'Angel Investor' is explained in detail and with examples in the Trading edition of the Herold Financial Dictionary, which you can get from Amazon in Ebook or Paperback edition.
An Angel Investor refers to an accredited investor (with over a million dollars net worth) which invests funds into entrepreneurs and smaller startups. These special investors are commonly from the friends or family of the entrepreneur. This capital which they deliver is often in the form of a lump sum one-time payment to help get the business going or to keep it funded during the challenging early stages where they are still developing and beginning to market their products.
Another characteristic of such an Angel Investor is that they offer better terms to the startup than would a comparable bank or lender in the same scenario. This is principally because they believe in the entrepreneur they are backing more than the viability of the business itself. Such investors concentrate their efforts on assisting startups with successfully making their initial business steps. They are less concerned with the potential for profit they might make off of the fledgling company. This makes most Angel Investors the diametric opposite of the venture capitalists.
There are a variety of different names which such Angel Investors go by. These include angel funders, informal investors, private investors, business angels, and seed investors. Such wealthy individuals who choose to inject desperately needed startup capital into firms do so in exchange for either convertible debt or a stake in the company’s equity. There are such investors who become involved through one of the various crowd funding platforms over the Internet, and others who join with networks of other Angel Investors in order to pool their resources to be more effective (as with an Angel Investor syndicate). Angel List is a popular and well respected site that puts together angels and entrepreneurs.
Using this phrase to describe noble investors originally came from Broadway Theater. It was here that wealthy patrons would contribute money in order to advance theatrical productions. This terminology Angel Investor was first utilized by William Wetzel of the University of New Hampshire. As founder of the Center for Venture Research, he backed an extensive study on the ways that entrepreneurs are able to bring in capital.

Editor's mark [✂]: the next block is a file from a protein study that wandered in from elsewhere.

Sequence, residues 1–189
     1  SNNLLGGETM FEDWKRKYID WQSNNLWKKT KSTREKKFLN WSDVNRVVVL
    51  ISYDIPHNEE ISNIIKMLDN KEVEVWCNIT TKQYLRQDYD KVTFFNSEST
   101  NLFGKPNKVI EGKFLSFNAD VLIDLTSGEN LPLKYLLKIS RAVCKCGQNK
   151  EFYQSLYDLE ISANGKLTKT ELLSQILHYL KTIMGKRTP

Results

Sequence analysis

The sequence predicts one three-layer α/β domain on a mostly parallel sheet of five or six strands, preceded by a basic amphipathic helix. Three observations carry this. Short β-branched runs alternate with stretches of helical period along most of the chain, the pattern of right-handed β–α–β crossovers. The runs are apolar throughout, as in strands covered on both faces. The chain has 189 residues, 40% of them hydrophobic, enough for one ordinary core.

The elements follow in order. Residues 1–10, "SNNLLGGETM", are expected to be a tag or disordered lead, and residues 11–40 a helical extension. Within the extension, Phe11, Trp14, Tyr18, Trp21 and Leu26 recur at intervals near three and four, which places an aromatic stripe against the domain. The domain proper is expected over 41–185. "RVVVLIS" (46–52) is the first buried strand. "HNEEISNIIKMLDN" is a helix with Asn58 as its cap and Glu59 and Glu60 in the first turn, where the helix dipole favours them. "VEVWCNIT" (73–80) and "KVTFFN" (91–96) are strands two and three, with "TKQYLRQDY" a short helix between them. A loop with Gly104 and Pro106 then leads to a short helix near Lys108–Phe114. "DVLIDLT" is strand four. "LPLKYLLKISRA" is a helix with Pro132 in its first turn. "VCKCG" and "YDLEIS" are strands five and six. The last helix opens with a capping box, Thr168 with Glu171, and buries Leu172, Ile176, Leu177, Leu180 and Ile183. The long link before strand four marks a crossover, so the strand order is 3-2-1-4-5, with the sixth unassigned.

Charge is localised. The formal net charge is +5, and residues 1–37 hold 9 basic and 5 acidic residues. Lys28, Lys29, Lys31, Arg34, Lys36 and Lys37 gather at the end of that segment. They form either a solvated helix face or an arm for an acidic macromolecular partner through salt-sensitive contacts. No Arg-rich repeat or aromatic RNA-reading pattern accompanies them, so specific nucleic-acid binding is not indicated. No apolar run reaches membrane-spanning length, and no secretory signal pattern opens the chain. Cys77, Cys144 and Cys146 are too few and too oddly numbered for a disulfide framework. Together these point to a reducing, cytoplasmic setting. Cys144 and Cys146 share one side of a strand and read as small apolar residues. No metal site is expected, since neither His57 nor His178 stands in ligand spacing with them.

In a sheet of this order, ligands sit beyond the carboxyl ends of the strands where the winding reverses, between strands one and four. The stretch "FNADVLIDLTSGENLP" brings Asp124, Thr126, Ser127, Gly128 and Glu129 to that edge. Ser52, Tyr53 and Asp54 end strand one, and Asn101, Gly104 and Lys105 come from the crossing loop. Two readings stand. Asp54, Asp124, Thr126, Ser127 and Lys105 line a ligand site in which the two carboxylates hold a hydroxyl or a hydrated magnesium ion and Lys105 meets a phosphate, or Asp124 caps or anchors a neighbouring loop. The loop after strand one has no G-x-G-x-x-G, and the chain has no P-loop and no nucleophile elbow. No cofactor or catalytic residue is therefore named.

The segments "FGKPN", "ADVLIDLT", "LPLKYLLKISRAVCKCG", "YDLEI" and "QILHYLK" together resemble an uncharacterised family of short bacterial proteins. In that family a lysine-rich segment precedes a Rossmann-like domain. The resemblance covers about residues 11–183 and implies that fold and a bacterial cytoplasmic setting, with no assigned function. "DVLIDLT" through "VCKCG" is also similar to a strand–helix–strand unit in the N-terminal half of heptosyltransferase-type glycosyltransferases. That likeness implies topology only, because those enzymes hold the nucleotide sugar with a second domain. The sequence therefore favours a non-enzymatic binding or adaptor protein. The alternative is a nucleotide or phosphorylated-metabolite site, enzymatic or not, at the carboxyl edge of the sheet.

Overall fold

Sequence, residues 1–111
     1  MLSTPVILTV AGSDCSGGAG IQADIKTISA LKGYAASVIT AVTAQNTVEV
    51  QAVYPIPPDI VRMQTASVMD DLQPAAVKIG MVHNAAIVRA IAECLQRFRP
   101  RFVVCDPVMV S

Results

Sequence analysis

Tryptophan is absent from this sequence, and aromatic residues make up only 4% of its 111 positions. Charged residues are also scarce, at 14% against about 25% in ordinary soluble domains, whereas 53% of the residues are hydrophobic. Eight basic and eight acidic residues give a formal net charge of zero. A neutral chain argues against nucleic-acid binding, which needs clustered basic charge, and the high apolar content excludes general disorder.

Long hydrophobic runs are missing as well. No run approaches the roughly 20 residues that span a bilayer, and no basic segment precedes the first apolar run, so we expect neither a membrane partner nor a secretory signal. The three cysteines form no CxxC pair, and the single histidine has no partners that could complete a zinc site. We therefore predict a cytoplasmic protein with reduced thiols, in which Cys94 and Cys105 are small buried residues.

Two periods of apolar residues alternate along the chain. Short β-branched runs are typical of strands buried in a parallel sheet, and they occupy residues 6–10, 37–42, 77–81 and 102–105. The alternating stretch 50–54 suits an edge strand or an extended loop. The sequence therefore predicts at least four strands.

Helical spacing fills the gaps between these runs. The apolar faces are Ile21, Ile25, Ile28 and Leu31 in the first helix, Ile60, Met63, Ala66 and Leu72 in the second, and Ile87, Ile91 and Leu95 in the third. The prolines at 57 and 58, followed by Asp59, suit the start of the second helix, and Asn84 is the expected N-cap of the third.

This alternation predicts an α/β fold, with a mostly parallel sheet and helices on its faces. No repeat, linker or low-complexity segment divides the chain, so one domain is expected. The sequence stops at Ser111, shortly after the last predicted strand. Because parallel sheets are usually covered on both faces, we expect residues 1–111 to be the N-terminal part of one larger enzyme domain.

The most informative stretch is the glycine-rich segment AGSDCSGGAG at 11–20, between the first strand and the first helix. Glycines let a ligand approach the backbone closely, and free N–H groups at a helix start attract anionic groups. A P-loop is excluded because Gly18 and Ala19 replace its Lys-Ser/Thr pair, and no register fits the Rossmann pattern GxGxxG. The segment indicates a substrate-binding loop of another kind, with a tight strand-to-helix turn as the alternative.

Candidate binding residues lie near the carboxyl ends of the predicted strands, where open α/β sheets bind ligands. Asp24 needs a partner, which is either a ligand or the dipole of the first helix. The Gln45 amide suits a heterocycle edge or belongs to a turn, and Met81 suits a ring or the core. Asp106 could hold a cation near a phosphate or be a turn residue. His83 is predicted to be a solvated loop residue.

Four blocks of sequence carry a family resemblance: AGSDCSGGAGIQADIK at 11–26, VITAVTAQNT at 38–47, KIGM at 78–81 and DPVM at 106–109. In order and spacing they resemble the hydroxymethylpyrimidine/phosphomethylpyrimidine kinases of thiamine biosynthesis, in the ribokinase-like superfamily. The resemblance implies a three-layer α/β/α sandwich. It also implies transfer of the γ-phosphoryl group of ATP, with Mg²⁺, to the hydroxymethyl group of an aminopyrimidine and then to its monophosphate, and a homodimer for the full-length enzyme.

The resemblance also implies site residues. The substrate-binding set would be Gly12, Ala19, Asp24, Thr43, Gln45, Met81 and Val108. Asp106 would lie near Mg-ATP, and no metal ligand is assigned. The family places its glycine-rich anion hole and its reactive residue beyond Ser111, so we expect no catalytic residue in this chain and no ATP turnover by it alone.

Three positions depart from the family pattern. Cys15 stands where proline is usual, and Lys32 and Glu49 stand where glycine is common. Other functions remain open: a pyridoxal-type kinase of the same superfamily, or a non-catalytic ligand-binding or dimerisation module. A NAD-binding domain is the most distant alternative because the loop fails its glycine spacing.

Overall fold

In order to be official Angel Investors, these individuals have to meet the definition set by the SEC Securities Exchange Commission for accredited investors. This means that the interested party must possess at least a million in net worth along with an annual income amounting to at least $200,000.
Most Angel Investors will actually deploy their own funds in their investments. This puts them in direct contrast with the venture capitalists which instead gather up a pool of money from many investors and then combine this into a fund which is strategically managed. In general the Angel Investors represent actual individuals. It is also possible for the entity offering the funding to be a limited liability company, trust, business or even an investment fund.
Those Angel Investors who actually seed the entrepreneurs’ startups which ultimately fail will lose their entire investment. It helps to explain why angel investors who are professionals will always be on the hunt for a clearly defined exit strategy opportunity. This might be through an IPO Initial Public Offering or an acquisition.
In truth, successful angel investors boast of portfolios with an average success rate of from 20 percent to 30 percent. This may sound costly for entrepreneurs who are involved in early stage business startups. Finding alternative cheaper sources of financing like banks are not often viable options for these fledging companies. It means that angels are often the ideal funder or backer for those entrepreneurs who find themselves still in the financially struggling days of the early startup stages in their company.
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